• Understand the electrical and hydraulic systems on the airplane you are flying. Your instructor will explain it to you, but you need to memorize it
    • Memorize the pre-flight procedures for your airplane. You will need to demonstrate for your examiner that you understand how to do a proper pre-flight check and how to spot issues
    • Memorize the emergency procedures for your airplane. It is very important that you know how to react during any emergency

Take your check-ride

  1. You and your instructor will schedule a check-ride with a pilot examiner of your choice
    • Your instructor will give you recommendations about which designated pilot examiner they think you should choose
    • You will call that examiner and schedule a time
    • The DPE will give you a flight to plan. You will need to ensure that you pick the best route and plan for all contingencies. More likely than not you have to divert to an alternate airport of the DPE’s choosing, mid-flight
    • Get as much practice in as you can before the check-ride
    • Ensure the airplane is legal to fly and that it’s paperwork is up to standards
    • Get all of your paperwork in order well before the day of the check-ride. Your instructor should help you through these difficult processes, if not ask them for help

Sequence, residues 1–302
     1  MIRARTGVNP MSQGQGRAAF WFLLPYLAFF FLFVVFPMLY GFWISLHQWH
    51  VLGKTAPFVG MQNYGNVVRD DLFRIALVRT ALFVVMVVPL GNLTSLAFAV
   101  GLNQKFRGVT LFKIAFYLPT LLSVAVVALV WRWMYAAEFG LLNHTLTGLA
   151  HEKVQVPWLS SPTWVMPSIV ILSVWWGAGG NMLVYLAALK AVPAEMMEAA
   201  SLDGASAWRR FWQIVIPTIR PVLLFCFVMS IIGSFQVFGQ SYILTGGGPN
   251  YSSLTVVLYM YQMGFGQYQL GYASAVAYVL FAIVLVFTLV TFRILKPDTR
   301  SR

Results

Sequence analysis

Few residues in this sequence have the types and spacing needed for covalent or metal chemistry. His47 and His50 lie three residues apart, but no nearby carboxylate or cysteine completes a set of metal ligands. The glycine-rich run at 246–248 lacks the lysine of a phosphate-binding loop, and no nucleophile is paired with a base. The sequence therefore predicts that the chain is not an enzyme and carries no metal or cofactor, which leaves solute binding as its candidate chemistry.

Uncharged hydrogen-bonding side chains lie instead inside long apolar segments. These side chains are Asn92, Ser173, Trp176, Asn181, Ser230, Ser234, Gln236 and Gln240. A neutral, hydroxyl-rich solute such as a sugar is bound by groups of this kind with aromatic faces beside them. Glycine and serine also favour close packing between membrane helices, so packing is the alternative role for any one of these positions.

2. Rest the night before your check-ride
    • You will be extremely nervous the night before but you need to sleep. The better rested you are the better you will perform on your check-ride
    • Eat a good meal before your check-ride. It is up to you as to when you would like to eat but please, remember to eat
    • Bring snacks. There will be time for you to eat some snacks and drink some water, it would benefit you to bring some snacks as the entire process will take most of the day
  3. Have a positive attitude! Your instructor would not refer you to the examiner if they didn’t believe that you are ready to become a private pilot
    • Believe it or not the examiner doesn’t benefit from failing you. Your instructor certainly doesn’t either
    • They both want you to pass as much as you do
    • It is a stressful time but afterward it will be worth it


  • These instructions
    • will not focus on any of the other requirements such as instruction minimums, hours required, etc.
    • should be used to give you tips on passing your exams, your flight instructor will be your primary resource all throughout your flight training journey.